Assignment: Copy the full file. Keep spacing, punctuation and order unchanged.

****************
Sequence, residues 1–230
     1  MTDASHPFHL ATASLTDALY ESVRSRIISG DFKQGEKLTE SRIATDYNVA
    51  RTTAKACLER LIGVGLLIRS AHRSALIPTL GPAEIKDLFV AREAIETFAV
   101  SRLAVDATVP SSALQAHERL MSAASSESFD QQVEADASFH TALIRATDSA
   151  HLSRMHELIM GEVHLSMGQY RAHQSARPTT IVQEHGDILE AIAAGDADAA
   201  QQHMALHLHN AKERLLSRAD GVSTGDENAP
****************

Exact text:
Sequence, residues 1–230
     1  MTDASHPFHL ATASLTDALY ESVRSRIISG DFKQGEKLTE SRIATDYNVA
    51  RTTAKACLER LIGVGLLIRS AHRSALIPTL GPAEIKDLFV AREAIETFAV
   101  SRLAVDATVP SSALQAHERL MSAASSESFD QQVEADASFH TALIRATDSA
   151  HLSRMHELIM GEVHLSMGQY RAHQSARPTT IVQEHGDILE AIAAGDADAA
   201  QQHMALHLHN AKERLLSRAD GVSTGDENAP